More Database Tools Highlight Latest IBM i Access Client
September 18, 2017 Dan Burger
Remember IBM i Access for Windows? Many IBM i advocates do because they never stopped using it, despite its replacement by IBM i Access Client Solutions more than four years ago. Access for Windows hasn’t seen an enhancement since ACS arrived and ACS is on a continual enhancement schedule. The most recent round of upgrades arrived in mid-July without much fanfare, which is the way IBM seems to prefer.
SQL developers and database engineers (those that have the title and those that only have the responsibility) are among the professionals benefiting the most from the expanding ACS toolset that usually gets attention through educational sessions at tech conferences and notice during the spring and fall Technology Refresh announcements.
In March, IT Jungle reported the ACS development team would soon be adding additional database schema functions as part of the ongoing enhancement program. Schema are similar to libraries. The foundation of schema functionality has been included in ACS for the past year. The latest schema functionality includes journal view entries, filtering for tables and indexes, and all objects permissions. In mid-July that promise became reality with the availability of ACS Version 188.8.131.52. For those familiar with System i Navigator, the schema functionality has been in that product for some time.
A shopping list of incremental enhancements comes with the 184.108.40.206 release. Here are a few of the highlights.
The most heavily used database tools in ACS is likely the SQL interface suite. There you’ll find Run SQL Scripts, which were originally introduced in late 2015 with enhancements at nearly every version release since. Run SQL Scripts was a feature in the predecessor of ACS, and although the layout seems familiar the functionality easily beats Access for Windows. Faster start-up time, color coding, and a graphical debugger are a few of the advantages.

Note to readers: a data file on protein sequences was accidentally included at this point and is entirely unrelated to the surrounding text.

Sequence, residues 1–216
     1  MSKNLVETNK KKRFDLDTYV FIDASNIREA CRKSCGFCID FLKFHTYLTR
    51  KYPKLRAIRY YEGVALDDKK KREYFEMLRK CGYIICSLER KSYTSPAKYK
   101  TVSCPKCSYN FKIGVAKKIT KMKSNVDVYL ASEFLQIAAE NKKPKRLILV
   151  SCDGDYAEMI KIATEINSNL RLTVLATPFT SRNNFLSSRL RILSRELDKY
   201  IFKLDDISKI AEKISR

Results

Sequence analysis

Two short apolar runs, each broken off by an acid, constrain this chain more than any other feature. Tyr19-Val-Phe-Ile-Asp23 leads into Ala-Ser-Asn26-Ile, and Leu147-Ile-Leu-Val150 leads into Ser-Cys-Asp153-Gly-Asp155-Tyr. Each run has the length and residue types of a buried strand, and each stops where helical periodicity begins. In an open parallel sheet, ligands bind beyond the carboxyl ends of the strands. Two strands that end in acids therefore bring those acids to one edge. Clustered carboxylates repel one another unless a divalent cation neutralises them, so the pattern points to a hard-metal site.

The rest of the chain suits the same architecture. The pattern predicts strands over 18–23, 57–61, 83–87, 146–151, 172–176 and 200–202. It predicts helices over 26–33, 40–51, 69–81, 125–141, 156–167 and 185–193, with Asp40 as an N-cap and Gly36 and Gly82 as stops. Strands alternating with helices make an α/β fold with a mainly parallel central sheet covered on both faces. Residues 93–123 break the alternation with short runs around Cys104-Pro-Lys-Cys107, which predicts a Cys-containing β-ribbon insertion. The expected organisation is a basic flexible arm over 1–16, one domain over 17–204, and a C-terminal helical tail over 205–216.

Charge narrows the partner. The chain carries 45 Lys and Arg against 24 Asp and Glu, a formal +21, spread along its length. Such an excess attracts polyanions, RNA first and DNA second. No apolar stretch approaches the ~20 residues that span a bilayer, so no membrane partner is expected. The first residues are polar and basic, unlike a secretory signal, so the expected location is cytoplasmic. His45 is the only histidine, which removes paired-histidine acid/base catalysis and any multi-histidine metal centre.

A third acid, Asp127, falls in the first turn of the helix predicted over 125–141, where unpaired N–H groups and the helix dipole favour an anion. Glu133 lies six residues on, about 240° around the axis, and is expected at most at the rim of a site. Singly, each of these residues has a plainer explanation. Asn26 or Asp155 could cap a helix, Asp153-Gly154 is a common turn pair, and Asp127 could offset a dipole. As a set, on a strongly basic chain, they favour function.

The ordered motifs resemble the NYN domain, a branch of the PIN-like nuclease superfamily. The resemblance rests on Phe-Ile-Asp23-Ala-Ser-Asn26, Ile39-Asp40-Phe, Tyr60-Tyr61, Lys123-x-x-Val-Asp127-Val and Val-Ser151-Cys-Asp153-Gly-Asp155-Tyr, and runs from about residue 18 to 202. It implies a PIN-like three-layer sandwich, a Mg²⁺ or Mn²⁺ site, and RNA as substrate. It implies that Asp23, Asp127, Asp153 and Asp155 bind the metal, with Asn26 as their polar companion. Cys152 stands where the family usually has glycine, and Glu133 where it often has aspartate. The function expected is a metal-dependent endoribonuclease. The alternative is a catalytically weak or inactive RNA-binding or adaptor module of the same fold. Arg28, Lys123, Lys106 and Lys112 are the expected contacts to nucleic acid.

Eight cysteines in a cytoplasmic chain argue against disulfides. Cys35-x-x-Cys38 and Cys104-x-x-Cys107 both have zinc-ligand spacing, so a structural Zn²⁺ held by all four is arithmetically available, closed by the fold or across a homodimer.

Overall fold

In the latest version, there’s an insert from example function within Run SQL Scripts that is useful to developers who try to avoid writing everything from scratch. There are also services that can be used for tasks such as querying disk usage and identifying the top consumers of spool storage using SQL.
The SQL Formatter is another new feature. It comes in handy when an SQL statement is written in one long line. The formatter will convert the statement into something easier to read and understand by using line indents and setting maximum line lengths.
Also of note is the JDBC Configuration Manager. It provides the capability to make different connection settings for different tasks on different systems. The Access for Windows tool had a single copy of JDBC configuration. You could change the configuration, but you often did not remember the settings from the last time you used the tool. Maybe you were using commitment control and you might have been using SQL naming instead of system naming. The JDBC Configuration Manager allows you to be more organized by keeping stuff coordinated and properly named, so when certain issues require certain configurations they can be easily found. Just another case of building something once and using it many times.
ACS Version 220.127.116.11 also includes some new features for users who are mostly concerned with emulation. There’s a 5250 display and printer emulation based on IBM’s Host-on-Demand; multiple language support for concurrent 5250 emulation sessions on the same client; and 5250 emulation for LAN and HMC consoles.
But as you can see from a review of the Technology Refreshes, the IBM i development is clearly database and SQL focused. IBM i shops not in alignment with that will not have their database tooling enhanced and their system management tools will similarly stagnate. You can continue to do things the way that you’ve done them for the past 25 years, but that’s not putting you on the road to the future. Some shops can live with that a while longer, but the inevitable can only be put off for so long.
ACS was written in Java, so it will run on Linux and MacOS in addition to Windows. That’s a benefit for a growing number of shops. Another benefit is its accessibility via a shared network drive on the IBM i server, which eliminates downloading and installing binaries on desktops and laptops. Simplified maintenance means more time available for something else – modernizing a 25-year-old database comes to mind. That would be a benefit.
The next ACS update is planned for October 2017 in conjunction with the next Technology Refresh. Expect more database and SQL enhancements when the TR announcement comes.